Monday, November 27, 2006

The three Fs of story writing

Writing is a refuge from my day-to-day, deadline-driven, write-to-order world of management consultancy. It’s a deadline-free, non-goal-oriented zone where I try to make no demands on myself other than to write good stuff on the day – whatever that turns out to mean.

I don’t mean to give the impression that I’m careless about what I write - one of the joys of writing is that it takes my full attention - I only mean to say that I am not writing to a schedule.

The combination of having a compulsive need to write and no pressing requirement to publish means that I always have several unfinished stories on my C Drive at any given time. As of this morning, my WIP file (Work In Progress file – hey, I’m a management consultant, of course I have a WIP file) has thirty stories in it.

When I feel the need to write, usually when I’m away from home on business, often in the early hours of the morning, I open up my WIP file and browse the stories until I feel one call to me, demanding completion.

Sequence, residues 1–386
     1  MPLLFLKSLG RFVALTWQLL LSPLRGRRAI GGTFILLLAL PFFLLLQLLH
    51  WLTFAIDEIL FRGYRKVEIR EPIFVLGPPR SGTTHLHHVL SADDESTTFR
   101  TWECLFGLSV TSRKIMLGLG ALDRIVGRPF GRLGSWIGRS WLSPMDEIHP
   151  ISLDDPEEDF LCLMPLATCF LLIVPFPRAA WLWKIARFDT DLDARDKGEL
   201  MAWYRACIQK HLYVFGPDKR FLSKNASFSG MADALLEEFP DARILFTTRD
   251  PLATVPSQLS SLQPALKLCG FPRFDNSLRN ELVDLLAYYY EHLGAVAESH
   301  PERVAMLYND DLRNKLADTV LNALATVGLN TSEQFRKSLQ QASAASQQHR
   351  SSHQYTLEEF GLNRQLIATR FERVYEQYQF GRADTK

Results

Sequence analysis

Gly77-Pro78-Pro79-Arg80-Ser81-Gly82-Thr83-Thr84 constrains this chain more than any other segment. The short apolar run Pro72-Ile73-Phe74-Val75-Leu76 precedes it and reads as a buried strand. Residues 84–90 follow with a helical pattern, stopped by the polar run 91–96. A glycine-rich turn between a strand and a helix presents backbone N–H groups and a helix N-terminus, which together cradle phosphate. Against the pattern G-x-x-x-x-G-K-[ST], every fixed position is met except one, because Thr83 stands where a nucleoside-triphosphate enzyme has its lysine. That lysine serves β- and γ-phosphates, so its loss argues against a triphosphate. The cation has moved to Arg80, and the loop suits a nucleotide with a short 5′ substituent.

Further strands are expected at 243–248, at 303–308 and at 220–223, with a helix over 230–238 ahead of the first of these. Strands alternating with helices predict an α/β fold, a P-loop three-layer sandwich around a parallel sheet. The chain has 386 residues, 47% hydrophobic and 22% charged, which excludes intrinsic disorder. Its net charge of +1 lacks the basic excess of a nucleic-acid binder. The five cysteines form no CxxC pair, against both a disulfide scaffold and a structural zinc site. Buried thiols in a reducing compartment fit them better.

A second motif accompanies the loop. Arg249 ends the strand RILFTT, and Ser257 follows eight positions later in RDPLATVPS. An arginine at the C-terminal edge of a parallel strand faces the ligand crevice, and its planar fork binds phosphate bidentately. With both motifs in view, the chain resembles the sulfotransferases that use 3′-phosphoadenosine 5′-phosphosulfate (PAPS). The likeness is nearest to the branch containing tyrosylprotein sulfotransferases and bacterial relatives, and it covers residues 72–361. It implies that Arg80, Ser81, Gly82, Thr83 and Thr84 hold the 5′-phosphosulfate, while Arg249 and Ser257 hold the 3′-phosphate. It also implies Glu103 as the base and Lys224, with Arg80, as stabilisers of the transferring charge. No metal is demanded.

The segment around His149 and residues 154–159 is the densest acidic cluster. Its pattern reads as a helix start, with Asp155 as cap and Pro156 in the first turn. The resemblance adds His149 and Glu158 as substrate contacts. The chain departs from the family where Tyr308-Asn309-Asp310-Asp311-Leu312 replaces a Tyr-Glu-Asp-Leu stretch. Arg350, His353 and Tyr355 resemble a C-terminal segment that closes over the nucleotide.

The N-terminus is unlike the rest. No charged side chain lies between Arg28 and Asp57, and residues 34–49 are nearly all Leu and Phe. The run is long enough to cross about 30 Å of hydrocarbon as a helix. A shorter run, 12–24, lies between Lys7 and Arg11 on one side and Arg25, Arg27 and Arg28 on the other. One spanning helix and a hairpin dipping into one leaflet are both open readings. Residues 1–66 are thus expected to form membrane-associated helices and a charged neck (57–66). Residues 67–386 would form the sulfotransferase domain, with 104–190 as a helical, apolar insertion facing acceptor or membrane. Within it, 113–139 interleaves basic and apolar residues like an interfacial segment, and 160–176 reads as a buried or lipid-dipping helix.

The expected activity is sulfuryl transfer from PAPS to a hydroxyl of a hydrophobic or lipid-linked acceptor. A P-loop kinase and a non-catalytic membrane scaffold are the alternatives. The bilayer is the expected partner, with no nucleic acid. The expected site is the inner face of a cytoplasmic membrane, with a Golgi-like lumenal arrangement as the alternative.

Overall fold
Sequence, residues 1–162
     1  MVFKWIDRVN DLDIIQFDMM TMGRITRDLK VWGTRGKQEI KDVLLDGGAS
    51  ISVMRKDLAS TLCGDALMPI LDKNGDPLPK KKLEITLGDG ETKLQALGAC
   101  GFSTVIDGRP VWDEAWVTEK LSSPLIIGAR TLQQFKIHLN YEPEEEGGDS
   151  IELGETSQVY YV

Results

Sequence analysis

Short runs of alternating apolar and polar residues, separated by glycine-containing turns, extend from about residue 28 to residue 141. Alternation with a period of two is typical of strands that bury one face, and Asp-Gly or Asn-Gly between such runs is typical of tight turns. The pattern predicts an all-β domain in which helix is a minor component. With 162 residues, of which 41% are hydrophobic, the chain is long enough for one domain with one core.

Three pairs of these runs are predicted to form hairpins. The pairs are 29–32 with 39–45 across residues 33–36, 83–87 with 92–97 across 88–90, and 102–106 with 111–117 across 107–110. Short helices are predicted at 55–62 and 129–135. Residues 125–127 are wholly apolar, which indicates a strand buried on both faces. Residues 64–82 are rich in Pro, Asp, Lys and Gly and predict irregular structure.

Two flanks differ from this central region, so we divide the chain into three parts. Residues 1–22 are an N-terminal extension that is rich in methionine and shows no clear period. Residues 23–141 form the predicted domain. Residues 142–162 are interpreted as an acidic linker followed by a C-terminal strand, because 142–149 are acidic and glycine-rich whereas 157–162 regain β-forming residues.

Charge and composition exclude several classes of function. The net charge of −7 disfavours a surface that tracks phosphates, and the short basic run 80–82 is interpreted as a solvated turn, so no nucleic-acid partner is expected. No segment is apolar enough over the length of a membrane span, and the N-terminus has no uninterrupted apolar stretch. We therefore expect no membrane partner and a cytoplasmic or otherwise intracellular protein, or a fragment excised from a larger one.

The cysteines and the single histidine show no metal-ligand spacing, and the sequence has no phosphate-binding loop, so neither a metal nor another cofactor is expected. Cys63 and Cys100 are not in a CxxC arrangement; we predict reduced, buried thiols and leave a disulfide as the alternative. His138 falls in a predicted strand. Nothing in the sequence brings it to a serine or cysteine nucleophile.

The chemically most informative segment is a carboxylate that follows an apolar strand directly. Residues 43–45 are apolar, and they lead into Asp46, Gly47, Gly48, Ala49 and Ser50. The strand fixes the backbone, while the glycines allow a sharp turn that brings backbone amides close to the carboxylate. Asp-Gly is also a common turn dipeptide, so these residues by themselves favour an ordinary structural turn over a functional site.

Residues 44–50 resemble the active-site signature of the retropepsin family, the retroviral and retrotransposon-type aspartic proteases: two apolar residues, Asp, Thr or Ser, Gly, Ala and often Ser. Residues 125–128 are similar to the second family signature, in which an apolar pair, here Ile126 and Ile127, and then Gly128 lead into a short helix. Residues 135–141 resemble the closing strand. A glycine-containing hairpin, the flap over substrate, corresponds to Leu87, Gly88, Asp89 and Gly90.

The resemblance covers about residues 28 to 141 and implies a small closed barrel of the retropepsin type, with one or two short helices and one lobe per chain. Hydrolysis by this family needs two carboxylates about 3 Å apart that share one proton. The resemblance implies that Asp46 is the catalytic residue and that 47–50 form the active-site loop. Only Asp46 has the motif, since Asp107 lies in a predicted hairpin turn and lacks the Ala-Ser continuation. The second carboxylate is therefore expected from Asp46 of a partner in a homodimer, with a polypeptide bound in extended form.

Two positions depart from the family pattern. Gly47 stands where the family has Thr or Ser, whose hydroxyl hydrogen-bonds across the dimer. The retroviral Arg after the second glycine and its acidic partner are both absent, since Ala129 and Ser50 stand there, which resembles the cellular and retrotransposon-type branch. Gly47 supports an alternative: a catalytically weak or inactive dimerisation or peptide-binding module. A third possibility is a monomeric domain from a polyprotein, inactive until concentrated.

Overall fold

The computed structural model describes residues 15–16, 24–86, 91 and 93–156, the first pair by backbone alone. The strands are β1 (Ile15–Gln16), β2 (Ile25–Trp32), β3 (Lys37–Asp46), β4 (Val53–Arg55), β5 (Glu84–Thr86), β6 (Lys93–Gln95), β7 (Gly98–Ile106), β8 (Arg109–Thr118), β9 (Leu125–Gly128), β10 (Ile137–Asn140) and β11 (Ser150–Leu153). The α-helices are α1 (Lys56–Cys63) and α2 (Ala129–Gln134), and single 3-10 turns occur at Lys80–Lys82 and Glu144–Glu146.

Sometimes I’ll open a story, make some progress or do some tidying up and then pop it back in the WIP file until the next time it calls to me. Sometimes I open story after story without stirring my own interest. Then, if I’m lucky, a new story will push its way to the front of my mind. If I’m very lucky, most of the story will be in my head already, waiting to spill out over the keyboard. The only question then is whether I can write for long enough to get it all down before the creative tide ebbs.

But most new stories aren’t like that. They give up little pieces of themselves, like young girls wearing clothes that hide and display at the same time. I capture what I can- plot, dialogue, imagery, character - and leave myself clues about what I haven’t yet seen – what might happen next, how the characters feel, phrases they might use, images that aren’t yet connected to the body of the text. Think of them as jig-saw puzzle pieces that have been selected because they’re probably pieces of sky but you can’t link them yet and besides they might turn out to be part of the ocean.